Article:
Already established Homeboy in Islington will be introducing food to the bar later this month. Irish owners Aaron Wall and Ciarán Smith have hired chef Michael Williams (previously of Chiltern Firehouse) to run the kitchen.
There are two types of businesses: ones that batten down the hatches and try survive, [and] ones that try to give their guests another great reason to leave the house. We aim to be the latter
'Food has always been in our plans for Homeboy,' Wall tells Imbibe. 'We have decided to introduce this now because having seen [the] recession in Ireland back in 2008, we recognise there are two types of businesses: ones that batten down the hatches and try survive, [and] ones that try to give their guests another great reason to leave the house. We aim to be the latter.'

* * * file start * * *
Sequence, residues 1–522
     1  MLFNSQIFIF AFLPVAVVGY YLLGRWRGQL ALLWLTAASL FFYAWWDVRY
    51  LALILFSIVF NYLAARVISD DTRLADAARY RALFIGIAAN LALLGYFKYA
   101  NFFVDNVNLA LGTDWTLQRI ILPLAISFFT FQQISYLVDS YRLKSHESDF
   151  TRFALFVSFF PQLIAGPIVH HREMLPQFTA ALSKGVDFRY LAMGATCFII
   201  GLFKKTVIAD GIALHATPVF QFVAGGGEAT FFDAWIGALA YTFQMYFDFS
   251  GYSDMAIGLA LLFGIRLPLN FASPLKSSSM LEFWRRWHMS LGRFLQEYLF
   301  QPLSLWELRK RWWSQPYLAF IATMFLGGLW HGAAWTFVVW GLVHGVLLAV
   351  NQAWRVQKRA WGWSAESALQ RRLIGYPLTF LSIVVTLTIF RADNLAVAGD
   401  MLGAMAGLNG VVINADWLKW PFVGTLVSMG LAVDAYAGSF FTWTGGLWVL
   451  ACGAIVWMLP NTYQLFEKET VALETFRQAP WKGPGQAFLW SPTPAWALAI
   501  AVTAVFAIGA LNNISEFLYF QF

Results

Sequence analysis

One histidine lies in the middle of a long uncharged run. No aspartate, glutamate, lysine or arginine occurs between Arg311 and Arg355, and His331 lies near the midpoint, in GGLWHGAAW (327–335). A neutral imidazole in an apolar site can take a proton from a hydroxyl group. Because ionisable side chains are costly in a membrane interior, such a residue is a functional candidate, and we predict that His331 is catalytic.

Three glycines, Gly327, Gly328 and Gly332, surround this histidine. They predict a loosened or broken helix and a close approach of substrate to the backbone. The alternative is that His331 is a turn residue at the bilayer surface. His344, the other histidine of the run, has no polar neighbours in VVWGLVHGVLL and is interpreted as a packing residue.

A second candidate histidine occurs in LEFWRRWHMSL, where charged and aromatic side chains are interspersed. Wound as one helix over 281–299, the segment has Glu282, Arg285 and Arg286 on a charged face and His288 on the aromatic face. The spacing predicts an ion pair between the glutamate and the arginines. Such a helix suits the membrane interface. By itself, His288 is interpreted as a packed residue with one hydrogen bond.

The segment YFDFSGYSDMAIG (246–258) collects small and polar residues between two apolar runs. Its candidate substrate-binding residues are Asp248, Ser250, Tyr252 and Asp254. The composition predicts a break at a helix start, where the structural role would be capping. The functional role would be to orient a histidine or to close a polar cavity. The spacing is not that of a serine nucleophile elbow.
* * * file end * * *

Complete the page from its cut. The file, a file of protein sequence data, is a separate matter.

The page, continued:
What that offering will look like is yet to be seen, but Wall confirms that Homeboy will be taking part in the Eat Out Help Out scheme. He advises that other bars looking to bring food into the mix are clever about investing in new plans: 'The industry is full of people that are great for advice, and that if it doesn’t make sense to buy brand new kitchen equipment then buy second hand.'
For Swift's Hiddleston, having food in bars is something he thinks should be the norm. 'I think most bars should serve food. London is a great city for food and a great city for bars, but not enough places do both well. We are open all day so it makes complete sense to have a more comprehensive offering.'